By Shailee Diwanji
At a recent seminar discussing clerkship interviews, a federal judge advised, "females must wear skirt suits and pantyhose when they interview with me." I laughed out loud. Literally. But then, I saw a similar situation on CBS's The Good Wife. And yes, I know courtroom TV dramas aren't an accurate reflection of the real world, but they do get their inspiration from somewhere. Then, as if to validate my concern, I read an article about a law firm which requires its female secretaries to wear skirts and high heels!
This law firm's dress code injured a female assistant. That's not something you hear every day. But this law firm's dress code policies would perhaps have remained in the shadows were it not for this female assistant's injury. She was injured when her heel got caught in the carpet. Sadly, as a result she underwent multiple surgeries. Worse, however, is that her employer wouldn't rehire her when she recovered from these surgeries. Needless to say, the employer law firm is being sued, but under violations of the Americans with Disabilities Act and the Family Medical Leave Act. Not for gender discrimination.
Why not?! Isn't it obvious that mandatory skirts and high heels are a blatant violation of gender discrimination policies and laws? It's 2010! There must be something out there that would prevent an employer from mandating such a dress code!
Imagine my disappointment when I discovered I was wrong. The Equal Employment Opportunity Commission has generally held, and courts have ratified, that employers may establish varying dress codes for men and women without violating discrimination laws. Traditionally, men and women dress differently. That's simply how it is.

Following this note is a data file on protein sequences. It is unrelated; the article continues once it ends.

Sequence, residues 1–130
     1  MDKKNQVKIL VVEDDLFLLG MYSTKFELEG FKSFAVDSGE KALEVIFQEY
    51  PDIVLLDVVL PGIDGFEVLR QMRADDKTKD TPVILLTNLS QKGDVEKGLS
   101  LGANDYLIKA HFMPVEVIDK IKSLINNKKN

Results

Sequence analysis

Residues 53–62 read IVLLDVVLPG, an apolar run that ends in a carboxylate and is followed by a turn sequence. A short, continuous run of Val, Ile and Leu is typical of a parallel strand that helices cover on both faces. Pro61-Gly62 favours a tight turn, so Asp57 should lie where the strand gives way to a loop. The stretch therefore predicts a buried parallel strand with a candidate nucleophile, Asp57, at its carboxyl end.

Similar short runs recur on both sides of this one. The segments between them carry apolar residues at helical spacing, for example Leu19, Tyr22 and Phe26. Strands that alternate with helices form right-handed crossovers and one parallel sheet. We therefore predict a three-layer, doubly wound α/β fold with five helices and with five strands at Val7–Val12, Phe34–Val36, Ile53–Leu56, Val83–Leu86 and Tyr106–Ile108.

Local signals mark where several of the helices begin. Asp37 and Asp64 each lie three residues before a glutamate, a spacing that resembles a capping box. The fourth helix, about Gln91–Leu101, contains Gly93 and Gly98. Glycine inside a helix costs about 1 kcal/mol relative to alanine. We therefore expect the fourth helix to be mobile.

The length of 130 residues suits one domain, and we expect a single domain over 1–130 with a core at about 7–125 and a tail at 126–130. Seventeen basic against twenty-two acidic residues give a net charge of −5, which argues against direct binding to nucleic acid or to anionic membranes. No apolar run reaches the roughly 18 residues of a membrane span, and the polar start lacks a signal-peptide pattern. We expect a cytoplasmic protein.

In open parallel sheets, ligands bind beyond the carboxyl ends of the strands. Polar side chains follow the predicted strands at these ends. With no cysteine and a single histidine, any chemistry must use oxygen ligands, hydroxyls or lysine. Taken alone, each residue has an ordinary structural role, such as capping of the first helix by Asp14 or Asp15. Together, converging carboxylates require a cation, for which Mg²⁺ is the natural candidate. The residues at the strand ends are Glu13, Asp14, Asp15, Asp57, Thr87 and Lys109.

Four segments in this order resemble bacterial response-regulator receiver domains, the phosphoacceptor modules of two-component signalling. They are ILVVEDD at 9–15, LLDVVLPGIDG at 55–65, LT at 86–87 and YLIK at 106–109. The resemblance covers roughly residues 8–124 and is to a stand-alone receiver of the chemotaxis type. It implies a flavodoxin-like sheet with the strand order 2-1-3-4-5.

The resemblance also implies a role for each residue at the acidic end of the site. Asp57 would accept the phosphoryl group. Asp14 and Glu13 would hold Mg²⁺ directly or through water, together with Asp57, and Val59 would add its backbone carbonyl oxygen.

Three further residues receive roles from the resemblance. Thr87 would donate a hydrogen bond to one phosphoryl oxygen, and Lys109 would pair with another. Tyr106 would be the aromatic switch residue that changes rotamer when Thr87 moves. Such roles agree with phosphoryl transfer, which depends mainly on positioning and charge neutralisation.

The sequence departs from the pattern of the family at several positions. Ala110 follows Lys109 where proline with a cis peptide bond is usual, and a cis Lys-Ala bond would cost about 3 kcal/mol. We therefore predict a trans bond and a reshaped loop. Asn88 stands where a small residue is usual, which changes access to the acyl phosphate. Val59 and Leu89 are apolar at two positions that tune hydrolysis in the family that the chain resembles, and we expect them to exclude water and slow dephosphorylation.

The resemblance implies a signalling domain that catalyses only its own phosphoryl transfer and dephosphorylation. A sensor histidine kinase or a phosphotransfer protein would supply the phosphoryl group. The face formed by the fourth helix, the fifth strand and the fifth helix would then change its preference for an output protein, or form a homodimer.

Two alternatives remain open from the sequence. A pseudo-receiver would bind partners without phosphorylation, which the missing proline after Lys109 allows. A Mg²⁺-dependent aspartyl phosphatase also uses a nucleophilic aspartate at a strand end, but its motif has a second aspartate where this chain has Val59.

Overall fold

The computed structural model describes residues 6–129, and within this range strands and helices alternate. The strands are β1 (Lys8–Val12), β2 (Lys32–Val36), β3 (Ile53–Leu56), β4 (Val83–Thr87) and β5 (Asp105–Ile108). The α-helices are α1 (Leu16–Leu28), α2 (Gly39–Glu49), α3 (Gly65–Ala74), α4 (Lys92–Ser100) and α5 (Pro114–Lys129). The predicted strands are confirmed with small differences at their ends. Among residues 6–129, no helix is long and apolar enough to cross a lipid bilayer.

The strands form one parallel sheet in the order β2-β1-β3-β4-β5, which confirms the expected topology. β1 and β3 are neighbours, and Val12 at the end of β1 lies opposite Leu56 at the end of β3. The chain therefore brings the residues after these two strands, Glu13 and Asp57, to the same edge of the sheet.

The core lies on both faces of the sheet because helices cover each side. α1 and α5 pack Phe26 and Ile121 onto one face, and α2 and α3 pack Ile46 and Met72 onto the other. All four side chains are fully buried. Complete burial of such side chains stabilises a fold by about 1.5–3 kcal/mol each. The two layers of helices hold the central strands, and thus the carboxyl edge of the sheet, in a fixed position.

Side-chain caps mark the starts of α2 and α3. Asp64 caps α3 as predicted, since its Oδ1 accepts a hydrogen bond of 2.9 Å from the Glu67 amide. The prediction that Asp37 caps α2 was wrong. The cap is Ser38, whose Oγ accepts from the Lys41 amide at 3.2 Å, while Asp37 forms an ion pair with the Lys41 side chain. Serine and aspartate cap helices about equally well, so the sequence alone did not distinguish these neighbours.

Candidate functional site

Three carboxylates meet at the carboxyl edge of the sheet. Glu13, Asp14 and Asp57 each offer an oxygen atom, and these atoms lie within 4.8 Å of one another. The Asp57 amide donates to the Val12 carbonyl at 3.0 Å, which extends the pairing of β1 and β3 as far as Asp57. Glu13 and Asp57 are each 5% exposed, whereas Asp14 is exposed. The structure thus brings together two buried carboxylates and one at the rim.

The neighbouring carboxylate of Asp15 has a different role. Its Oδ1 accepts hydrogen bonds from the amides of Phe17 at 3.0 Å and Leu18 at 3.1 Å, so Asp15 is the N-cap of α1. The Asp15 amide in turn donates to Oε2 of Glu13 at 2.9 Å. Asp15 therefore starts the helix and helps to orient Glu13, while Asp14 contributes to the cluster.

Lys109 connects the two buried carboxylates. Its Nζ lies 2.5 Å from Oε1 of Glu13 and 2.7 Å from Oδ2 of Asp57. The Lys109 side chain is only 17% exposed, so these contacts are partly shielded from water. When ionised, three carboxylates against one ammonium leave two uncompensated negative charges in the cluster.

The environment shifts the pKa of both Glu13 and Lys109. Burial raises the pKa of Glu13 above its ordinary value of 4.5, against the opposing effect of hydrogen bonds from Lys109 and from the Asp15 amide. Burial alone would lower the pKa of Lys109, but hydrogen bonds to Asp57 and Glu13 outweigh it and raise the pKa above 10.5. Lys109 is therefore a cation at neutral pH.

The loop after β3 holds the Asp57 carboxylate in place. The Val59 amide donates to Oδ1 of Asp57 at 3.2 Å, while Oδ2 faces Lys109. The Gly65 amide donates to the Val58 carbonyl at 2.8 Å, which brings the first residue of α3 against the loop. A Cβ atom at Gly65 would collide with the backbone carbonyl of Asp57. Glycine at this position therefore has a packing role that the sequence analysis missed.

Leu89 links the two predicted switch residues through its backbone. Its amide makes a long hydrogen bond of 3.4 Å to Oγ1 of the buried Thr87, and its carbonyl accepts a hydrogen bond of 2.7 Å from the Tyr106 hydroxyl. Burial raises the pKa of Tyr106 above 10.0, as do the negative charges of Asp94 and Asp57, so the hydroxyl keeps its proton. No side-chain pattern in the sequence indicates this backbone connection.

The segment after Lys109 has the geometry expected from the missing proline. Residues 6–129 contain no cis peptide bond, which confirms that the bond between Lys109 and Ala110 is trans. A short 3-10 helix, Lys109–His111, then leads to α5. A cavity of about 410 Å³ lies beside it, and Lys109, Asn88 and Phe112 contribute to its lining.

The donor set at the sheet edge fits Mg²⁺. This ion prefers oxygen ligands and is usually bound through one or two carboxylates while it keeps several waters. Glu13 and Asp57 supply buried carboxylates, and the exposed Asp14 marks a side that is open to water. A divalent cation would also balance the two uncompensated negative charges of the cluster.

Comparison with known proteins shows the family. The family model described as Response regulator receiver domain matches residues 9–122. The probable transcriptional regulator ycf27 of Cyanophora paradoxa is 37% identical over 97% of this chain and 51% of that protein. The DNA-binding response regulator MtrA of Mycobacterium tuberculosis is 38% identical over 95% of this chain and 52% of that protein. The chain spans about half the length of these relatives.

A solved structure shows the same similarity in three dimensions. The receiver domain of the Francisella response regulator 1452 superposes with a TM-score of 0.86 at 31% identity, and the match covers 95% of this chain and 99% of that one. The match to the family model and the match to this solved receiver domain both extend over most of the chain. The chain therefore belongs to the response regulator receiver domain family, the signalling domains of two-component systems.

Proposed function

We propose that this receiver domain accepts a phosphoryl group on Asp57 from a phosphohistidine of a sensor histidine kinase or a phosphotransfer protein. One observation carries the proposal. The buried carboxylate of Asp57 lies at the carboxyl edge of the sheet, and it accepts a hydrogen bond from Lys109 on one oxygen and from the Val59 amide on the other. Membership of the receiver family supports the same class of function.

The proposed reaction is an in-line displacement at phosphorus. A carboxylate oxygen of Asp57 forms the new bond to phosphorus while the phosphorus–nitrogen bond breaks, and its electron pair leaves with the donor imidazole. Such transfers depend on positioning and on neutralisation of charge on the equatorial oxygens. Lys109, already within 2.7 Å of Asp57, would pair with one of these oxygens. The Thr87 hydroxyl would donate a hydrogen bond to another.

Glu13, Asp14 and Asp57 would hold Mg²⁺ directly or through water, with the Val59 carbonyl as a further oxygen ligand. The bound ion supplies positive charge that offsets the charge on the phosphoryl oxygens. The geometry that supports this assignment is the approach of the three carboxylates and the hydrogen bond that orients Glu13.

Isn't it time that our definition of "traditional" change? It is no longer the social norm for women to wear skirts or dresses or high heels, so why shouldn't our regulations reflect current practice? Shouldn't we have the option, albeit reasonably, to dress how we choose? I understand and endorse an employer's need to establish general guidelines for a dress code such as casual, business casual, business professional, etc. I even understand an employer's prerogative to, for instance, disallow three-quarter pant suits or mandate a particular skirt length, if an employee chooses to wear a skirt. But to mandate that a skirt or high heels be worn, well, isn't that crossing the line?